White House task force sounds alarm about African Americans hit hardest by coronavirus
Underlying health problems including diabetes, hypertension causing more ICU cases, deaths
The Facts Inside Our Reporter’s Notebook
African Americans are disproportionately suffering from the coronavirus, compared to the rest of the U.S. population, raising concerns within the White House task force on the pandemic.
Dr. Anthony Fauci, a task force member and director of the National Institute of Allergy and Infectious Diseases, said Tuesday that infection rates are similar across U.S. populations, but more African-Americans need Intensive Care Unit help because so many have underlying health conditions.
“Yet again, when you have a situation like the coronavirus, they are suffering disproportionately,” said Fauci, who also called the situation “unacceptable.”
The country’s African-American population has a high rate of diabetes, hypertension and asthma, health conditions that Fauci said are sending people to the ICU and that “often lead to death.”
An analysis by The Washington Post, based on available data and census demographics, found U.S. counties with a majority-black population have three times the coronavirus infection rate and almost six times the rate of deaths, compared to counties in which white residents are in the majority.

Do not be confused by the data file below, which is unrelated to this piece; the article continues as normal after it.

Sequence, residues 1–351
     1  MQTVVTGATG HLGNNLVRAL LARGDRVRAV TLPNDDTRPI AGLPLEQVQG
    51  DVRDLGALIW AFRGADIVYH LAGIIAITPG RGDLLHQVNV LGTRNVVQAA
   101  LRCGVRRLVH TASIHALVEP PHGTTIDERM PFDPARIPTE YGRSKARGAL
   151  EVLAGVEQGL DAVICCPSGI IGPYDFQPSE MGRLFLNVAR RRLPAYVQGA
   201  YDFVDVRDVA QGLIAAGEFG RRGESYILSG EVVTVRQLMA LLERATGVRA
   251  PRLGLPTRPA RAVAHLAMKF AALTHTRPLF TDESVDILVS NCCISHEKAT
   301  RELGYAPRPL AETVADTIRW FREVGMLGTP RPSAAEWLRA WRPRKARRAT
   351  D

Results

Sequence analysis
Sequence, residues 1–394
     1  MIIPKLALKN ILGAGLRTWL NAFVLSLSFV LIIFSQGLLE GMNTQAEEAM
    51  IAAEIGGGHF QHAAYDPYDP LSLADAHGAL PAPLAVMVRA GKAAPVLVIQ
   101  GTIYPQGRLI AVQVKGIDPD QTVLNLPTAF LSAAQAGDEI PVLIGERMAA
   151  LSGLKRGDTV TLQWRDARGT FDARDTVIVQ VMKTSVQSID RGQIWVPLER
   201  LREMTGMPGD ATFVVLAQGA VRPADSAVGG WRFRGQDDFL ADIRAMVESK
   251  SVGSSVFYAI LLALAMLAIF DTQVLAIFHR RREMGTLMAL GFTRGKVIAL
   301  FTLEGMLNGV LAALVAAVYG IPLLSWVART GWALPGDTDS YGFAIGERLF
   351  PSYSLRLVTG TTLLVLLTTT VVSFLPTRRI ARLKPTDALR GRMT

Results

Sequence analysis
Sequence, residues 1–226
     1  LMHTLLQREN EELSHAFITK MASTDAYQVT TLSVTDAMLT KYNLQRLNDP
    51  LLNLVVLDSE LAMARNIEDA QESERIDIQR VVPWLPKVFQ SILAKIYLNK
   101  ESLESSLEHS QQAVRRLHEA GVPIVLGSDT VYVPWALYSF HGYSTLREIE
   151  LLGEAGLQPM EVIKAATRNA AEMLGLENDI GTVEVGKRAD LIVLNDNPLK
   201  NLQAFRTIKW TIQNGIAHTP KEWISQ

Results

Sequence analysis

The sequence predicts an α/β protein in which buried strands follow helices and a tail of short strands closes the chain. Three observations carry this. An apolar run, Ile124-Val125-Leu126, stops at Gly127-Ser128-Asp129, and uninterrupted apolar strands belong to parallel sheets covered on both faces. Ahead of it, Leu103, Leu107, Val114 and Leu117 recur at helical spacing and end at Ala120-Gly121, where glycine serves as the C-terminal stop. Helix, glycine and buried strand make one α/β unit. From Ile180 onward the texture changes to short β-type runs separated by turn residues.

The Post analysis also found that in Louisiana roughly 70 percent of the people who have died were black, though African Americans make up 32 percent of the state’s population.
In addition, black residents in Chicago have died at a rate six times that of white residents.
Dr. Deborah Birx, another member of the White House coronavirus task force, said officials are trying to improve efforts to inform members of black communities about the risks of the virus.
“We don’t want to give the impression that the African American community is more susceptible to the virus,” Brix said Tuesday, echoing what Fauci said. “We don’t have any data that suggests that. What our data suggests is they are more susceptible to more difficult and severe disease and poorer outcomes.”